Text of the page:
Stage Three: Back-filling
This stage, which is often the one from which your attendant friends draw a suspicious level of entertainment, involves shovelling back the sand from the freshly truggled spoil heaps so that it falls back into the remaining volume of the pit that is not taken up with your body, effectively burying you. It is recommended that the hands and arms are kept fairly high up - just below shoulder height is good - so that, if your 'friends' desert you, it is possible to free your own arms and eventually dig yourself out. There is nothing sorrier than an apparently bodiless head lying on the sand asking passers-by for help.
Make sure that your companions cover you up to your neck-line, and that any remaining volume of sand on the spoil heap is dispersed in the environs2. A good tip, to help attain a 'natural' finish, is to sprinkle the dry sand lying around over the top of the wet sand that has been truggled and spread around, making the beach look undisturbed. Apart from your head, of course.
Enjoying the Shade
Once you are comfortably submerged in the beach, you will notice, almost immediately, that it is a little tricky to breathe, due to the weight of sand pushing on your rib cage. Try not to panic if you feel a little short of breath - this will only increase your heart rate, and your breathing will involuntarily speed up in an attempt to balance your metabolism, leading eventually to hyperventilation. Try to relax, take small, frequent breaths, and strive for a Zen-like composure. Feel the coolness of the sand; admire the stillness of the earth holding you firmly in its bosom; consider the purity of the ocean as it caresses the shoreline. If you are of a creative leaning, you might like to compose some haiku to help you reflect on your calmness.
You may also notice that everyone around is regularly casting aspersions on your state of mental health - they may even be laughing. Don't let this upset you - they are probably not laughing at you per se, merely laughing near you, entertained by your somewhat eccentric feat of sand engineering. You should be happy to have given pleasure to your smiling companions, at the possible risk of undermining your own credibility as the down-to-earth and level-headed friend they have come to know and admire. It's not something everyone can do, and many people see it, quite wrongly, as folly. I ask you now: which is the more absurd, risking skin cancer and a slow, lingering death for the sake of a fashionable skin tone, or taking sensible and stylish steps to evade the sun's fatal glare using the materials at hand, and one's own ingenuity?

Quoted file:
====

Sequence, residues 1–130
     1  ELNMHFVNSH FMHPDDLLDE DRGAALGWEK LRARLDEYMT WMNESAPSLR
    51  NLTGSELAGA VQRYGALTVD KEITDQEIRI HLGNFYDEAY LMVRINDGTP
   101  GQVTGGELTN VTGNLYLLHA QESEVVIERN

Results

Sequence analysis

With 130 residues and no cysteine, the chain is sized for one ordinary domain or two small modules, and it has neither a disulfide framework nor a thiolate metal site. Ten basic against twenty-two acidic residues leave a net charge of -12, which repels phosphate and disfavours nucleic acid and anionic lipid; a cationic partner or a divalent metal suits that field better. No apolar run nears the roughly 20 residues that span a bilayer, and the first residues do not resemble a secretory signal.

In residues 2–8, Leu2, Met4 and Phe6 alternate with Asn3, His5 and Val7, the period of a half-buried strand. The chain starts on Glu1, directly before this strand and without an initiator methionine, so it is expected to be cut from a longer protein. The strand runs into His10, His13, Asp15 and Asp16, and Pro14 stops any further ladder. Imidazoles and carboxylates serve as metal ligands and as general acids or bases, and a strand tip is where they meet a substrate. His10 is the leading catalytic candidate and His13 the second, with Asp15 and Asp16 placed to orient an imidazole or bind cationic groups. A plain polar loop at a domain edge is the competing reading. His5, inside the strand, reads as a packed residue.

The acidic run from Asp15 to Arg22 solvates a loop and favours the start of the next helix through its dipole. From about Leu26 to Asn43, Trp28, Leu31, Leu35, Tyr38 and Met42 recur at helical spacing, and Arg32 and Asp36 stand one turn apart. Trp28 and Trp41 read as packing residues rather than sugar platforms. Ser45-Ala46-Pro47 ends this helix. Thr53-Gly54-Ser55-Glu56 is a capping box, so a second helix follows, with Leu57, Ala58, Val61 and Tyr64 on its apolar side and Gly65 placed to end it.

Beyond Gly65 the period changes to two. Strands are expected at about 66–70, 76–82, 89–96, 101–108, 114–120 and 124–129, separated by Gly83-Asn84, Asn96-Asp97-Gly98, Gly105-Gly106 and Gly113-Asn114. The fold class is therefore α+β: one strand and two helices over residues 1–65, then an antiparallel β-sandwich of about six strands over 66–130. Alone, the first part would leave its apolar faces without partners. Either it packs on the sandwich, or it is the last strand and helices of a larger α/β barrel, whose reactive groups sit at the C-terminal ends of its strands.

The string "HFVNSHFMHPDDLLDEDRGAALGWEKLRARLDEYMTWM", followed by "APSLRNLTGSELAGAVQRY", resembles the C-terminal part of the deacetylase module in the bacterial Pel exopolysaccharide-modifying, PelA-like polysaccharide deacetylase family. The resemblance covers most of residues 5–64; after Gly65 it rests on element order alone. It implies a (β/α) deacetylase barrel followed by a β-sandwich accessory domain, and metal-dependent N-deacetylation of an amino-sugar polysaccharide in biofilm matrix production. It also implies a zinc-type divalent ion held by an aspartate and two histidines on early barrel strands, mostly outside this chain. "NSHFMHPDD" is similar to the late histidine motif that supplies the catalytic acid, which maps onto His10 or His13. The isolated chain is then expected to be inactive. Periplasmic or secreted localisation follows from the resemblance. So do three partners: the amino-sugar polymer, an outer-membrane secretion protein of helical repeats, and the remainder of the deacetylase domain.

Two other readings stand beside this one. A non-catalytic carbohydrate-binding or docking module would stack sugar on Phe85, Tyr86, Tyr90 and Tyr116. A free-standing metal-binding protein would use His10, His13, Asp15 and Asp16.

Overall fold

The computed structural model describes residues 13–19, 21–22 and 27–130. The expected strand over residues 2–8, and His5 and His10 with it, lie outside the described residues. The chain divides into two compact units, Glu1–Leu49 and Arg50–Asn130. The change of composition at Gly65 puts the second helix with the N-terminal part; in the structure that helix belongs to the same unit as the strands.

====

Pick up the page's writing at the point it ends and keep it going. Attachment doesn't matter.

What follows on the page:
When it is time to leave your comfortable surroundings, you should be able to lift your arms free and use them to dig away at the remaining sand that stops you - very effectively, note - from simply standing up. This can be done by oneself, but if your companions have a heart, and feel that they have been amused by your efforts, they will be glad to assist you. Soon you will be able to stand up, and tread your way upwards through the now loosened sand. You will notice how warm the air is, and how you are the only one that is cool and refreshed. If anyone still appears unconvinced of your sanity, you can point this plain fact out to them - in a gentle and humble fashion, of course, so as not to appear churlish or indignant.
So, what has been gained from this exercise, you may ask. Well, as a natural and healthy response to the threat of sun-stroke, boredom, or worse, you have occupied yourself both physically and mentally, have gained satisfaction of a job superbly executed, and have been able to relax calmly and meditate on the permanence and coolness of the earth and its constituents, reaching a level of enlightenment that few can attain during their normal day. Not least of all, you have had the inestimable pleasure of amusing your companions - a feat whose personal value can not easily be measured. Certainly, it might have seemed like a lot of effort at the time, but, as the bard once said:
Nothing ventur'd nothing gained,
And not a soul was entertain'd...